Paris, 1967. Jean-Luc Godard, the maker of "A bout de souffle", "Le Mépris" and "Pierrot le fou", idolized by critics and intellectuals, is shifting from revolutionizing cinema to becoming a revolutionary tout court. Isn't he shooting "La Chinoise", more a political tract in favor of Maoism than an actual movie? His female star is Anne Wiazemsky, writer François Mauriac's granddaughter, sixteen years his junior. Anne and Jean-Luc have been dating since 1966 and they marry this very year. She admires Jean-Luc's originality, intelligence, wit and boldness while he loves Anne's freshness and - admiration of him. But May 1968 puts their marriage to the test. Godard, who is more and more involved in the revolution, indeed becomes less and less available to his young wife, which does not prevent him from acting jealous. It also looks as if the genius is losing his sense of humor.Written by
When in the film Godard meets the filmmaker Bernardo Bertolucci, there is the curious circumstance that the actor who plays the first of them (Louis Garrel) obtained his first cinematographic success in real life under the orders of the Italian director in "The Dreamers" (2003). See more »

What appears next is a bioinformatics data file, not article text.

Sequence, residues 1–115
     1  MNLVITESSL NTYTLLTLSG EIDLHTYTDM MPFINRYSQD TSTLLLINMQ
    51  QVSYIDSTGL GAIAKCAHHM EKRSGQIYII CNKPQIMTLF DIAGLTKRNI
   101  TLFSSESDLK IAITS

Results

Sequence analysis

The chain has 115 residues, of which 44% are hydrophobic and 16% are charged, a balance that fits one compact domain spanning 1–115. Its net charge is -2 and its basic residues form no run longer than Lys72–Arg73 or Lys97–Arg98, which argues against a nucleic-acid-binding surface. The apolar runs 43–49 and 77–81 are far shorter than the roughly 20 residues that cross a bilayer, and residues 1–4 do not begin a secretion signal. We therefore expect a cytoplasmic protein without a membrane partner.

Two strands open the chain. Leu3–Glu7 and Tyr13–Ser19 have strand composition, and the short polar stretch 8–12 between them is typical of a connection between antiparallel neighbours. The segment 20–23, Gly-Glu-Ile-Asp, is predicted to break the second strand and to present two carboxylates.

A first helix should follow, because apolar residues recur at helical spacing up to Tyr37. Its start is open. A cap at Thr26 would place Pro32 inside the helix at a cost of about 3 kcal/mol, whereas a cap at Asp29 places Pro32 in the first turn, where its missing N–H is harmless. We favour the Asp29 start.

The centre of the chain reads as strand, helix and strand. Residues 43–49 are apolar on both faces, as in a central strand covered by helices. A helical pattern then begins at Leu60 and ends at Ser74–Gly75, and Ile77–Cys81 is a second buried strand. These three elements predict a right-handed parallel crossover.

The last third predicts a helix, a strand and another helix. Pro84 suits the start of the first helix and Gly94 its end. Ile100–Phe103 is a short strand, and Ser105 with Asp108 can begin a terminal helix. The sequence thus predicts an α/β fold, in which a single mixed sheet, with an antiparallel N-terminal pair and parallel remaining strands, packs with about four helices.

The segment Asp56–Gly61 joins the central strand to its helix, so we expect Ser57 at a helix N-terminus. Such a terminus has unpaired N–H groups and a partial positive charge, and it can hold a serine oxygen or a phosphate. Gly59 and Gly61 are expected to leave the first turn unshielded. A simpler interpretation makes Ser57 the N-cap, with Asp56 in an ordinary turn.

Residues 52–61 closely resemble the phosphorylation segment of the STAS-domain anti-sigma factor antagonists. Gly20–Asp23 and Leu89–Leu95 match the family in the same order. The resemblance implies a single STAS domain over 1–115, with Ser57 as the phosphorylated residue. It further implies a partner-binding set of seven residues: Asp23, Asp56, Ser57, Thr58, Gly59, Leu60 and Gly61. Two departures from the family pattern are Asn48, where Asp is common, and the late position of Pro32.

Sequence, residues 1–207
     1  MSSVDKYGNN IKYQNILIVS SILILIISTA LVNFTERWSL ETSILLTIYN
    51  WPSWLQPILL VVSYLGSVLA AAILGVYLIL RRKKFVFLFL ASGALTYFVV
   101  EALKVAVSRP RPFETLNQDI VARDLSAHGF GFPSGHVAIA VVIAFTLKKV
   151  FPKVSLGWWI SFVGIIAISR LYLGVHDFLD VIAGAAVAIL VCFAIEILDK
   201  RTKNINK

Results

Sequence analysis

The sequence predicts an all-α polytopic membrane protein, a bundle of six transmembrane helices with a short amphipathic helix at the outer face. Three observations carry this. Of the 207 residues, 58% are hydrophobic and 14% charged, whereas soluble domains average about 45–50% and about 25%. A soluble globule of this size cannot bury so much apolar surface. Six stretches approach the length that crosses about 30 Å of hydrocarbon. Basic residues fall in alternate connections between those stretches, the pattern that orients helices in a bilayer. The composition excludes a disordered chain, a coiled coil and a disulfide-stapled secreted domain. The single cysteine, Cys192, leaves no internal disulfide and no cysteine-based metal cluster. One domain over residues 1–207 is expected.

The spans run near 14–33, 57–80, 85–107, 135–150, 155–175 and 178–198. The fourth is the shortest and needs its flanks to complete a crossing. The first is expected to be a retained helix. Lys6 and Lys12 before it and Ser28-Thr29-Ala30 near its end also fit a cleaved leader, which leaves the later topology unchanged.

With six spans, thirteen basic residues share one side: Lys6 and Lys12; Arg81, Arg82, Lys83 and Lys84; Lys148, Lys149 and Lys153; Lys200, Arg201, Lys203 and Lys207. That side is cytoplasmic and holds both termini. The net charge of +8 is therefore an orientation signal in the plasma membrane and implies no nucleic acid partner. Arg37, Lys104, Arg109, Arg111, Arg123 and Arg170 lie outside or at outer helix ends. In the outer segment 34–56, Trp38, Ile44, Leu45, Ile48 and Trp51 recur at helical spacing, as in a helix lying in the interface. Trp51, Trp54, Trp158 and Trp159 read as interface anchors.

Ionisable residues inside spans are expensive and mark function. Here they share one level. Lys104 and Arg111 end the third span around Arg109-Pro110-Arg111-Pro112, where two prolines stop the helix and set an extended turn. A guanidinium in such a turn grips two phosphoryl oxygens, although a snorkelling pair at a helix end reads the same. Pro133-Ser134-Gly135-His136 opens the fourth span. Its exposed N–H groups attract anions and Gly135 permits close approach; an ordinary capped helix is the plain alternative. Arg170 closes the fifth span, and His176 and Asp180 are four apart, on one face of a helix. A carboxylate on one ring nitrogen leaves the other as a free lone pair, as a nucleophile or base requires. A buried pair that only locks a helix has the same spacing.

Politics is like shoes. There's a left and a right, but eventually you will want to go barefoot.
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Godard is not the sort of typical subject for a film. To say he lacks empathy, that he assaults the cosy preconceptions of much cinema and its audiences, is well-known.
At the time of this film he was undergoing a transition: he renounced his break-through films, he was intensely political in that celebrity French style which is often more pose and belles-lettres, than real accomplishment, a fact made clear in this film.
To present him in that anodyne fashion which Hollywood does, which is essential deceitful, as say "A Beautiful Mind" and many other movies, would be truly dishonest but fortunately this film does not do that. It is quite a good presentation of that period, both socially-politically and personally.
The film's style naturally, almost logically, had to be á la Godard, in some way, and it works without being pastiche. At times it pushes a little far but mostly enough to give that sense of how Godard's films looked at that time and before.
This is especially true of the interiors, a favorite setting and device of Godard's in the 1960s, where he had couples discuss and debate as they moved about apartments. Here the famous sequence in "Contempt" when Piccoli and Bardot's marriage ended is almost reprised as Godard and Wiazemsky's relationship shatters. The inspirational touch in this film was to add Richard Strauss's luscious but fatalistic song, Im Abendrot (At Sunset), over this sequence.
The performances are all done well. A little more lisp from Garrel's Godard perhaps, but really, technically and the overall production, the whole movie looks just right.
Well worth the time and a reminder that once films, and cinema generally, actually mattered socially and politically.
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